TBN officials said the decision was made weeks ago and was prompted largely by concerns about the health of network co-founder Paul Crouch, 70, and his wife Jan, 66, who remain the most popular on-air personalities for the world's largest religious broadcaster.
But observers were quick to suggest that TBN was reacting to news reports last month revealing that Paul Crouch secretly paid an accuser $425,000 in 1998 to keep quiet about claims of a homosexual encounter with the televangelist. Crouch has denied the allegations.
"To take the live broadcasting off - I can't imagine [that]," said R. Marie Griffith, a scholar at Princeton University who studies evangelical Christians and the media. "It suggests a very strong sense of the chaos they are undergoing there."
Griffith and others also said it would be unseemly for the Crouches to ask for money after articles in The Times detailed the robust financial health of TBN, which averages annual surpluses of $60 million, and the luxurious lifestyle enjoyed by the Crouches.
Paul Crouch Jr., a network executive and son of its founding couple, acknowledged that TBN's decision to go with reruns would take pressure off the guest pastors scheduled to appear on the "Praise-a-thon."
"It seems that when TBN is persecuted, so goes the whole body of Christ," Crouch said. "Other ministries get concerned that they are going to be next on the hit list. Everyone goes into the alert mode."
But other factors were more important in deciding to cancel the live telethon, he said. Among them: Jan Crouch had been slow to recover from recent gall bladder surgery.
And a "best of" format, with segments from past shows edited down to small chunks, will allow for a faster-paced telethon, he said.
Perhaps more important, he said, Paul and Jan Crouch may no longer be up to appearing on fund-raisers twice a year.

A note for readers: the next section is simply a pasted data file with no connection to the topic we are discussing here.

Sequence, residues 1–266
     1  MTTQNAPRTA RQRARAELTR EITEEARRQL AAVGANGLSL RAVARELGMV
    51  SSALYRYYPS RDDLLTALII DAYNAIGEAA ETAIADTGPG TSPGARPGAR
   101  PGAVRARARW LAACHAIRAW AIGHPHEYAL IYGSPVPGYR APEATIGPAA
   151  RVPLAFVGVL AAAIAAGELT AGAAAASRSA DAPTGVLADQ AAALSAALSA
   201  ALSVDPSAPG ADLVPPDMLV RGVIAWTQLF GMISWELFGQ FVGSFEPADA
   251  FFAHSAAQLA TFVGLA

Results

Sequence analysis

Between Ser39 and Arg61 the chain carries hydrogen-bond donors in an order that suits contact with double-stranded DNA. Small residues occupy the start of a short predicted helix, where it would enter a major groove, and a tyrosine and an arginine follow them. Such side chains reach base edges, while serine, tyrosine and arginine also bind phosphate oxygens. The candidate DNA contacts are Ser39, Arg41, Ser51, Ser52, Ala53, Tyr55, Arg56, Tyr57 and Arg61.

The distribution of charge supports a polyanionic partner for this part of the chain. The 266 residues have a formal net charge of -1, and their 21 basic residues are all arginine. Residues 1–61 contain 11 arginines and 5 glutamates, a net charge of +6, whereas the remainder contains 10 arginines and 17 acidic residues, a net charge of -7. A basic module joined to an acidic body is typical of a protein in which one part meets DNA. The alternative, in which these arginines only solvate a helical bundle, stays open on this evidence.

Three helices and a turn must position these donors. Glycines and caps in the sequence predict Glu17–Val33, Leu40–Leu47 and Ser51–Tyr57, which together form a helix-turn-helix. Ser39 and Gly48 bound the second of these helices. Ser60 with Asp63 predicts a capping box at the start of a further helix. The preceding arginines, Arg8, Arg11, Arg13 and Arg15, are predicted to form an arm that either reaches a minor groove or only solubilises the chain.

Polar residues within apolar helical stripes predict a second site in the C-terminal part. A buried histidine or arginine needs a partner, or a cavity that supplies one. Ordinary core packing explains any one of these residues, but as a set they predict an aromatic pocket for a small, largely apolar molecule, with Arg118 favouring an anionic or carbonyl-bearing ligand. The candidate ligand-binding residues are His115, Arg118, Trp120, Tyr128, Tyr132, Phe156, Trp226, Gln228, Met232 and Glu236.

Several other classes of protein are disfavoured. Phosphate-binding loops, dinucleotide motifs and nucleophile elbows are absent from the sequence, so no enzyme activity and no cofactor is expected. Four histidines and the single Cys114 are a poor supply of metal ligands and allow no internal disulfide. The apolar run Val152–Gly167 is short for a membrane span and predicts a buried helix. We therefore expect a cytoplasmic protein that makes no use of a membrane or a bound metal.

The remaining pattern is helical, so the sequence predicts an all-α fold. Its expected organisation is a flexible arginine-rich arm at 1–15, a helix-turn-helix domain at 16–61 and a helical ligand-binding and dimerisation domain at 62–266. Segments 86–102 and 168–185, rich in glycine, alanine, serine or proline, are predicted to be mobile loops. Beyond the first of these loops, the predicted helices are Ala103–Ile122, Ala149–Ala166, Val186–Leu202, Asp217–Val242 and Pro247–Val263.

"We're already resigned to the fact that we may only do one live telethon a year from now on," Crouch said. "With my parents in the sunset of their lives, it's much easier on them physically, spiritually and emotionally."
A TBN "Praise-a-thon" works like a religious version of a Jerry Lewis Muscular Dystrophy Assn. fund-raiser. The show, which runs for a week, features 24 hours a day of preaching, singing, Bible teaching and video highlights of the network's work activities around the world.
Pastors plead with viewers to make a pledge so TBN can expand and spread the Gospel message throughout the world. They also preach heavily on the "prosperity gospel," a controversial doctrine that says a donation - in this case, specifically to TBN - will result in blessings from God, material as well as spiritual. About 200 operators are available to answer the viewers' calls.
Jackie Alnor, a Texas-based Christian writer and longtime TBN critic who has monitored the "Praise-a-thons" for 20 years, said she was surprised by the news that the telethon wouldn't be aired live.
"They know that with this 'Praise-a-thon,' [if] they were doing it live, they would receive a lot of calls questioning the recent articles," she said.
TBN has known adversity before, but it has never altered the Praise-a-thon routine. In previous years, TBN continued with its live telethons despite attacks from critics, legal battles with the FCC and, last year, Jan Crouch's successful battle against colon cancer.
Alnor said TBN preachers often use such setbacks as leverage for their cause, calling them evidence that money is needed to combat satanic attacks.
"They say [the adversity] is a sign that God is about to take TBN to the next level, and the devil is trying to stop it," Alnor said.
The younger Crouch, who has led efforts to modernize TBN programming, acknowledged that the network could have used the recent controversy to spur its fund-raising. Instead, he said, it chose to try a new approach, one that he hopes will make the telethon more successful than ever.
"I predict this will be a record 'Praise-a-thon' for us," he said.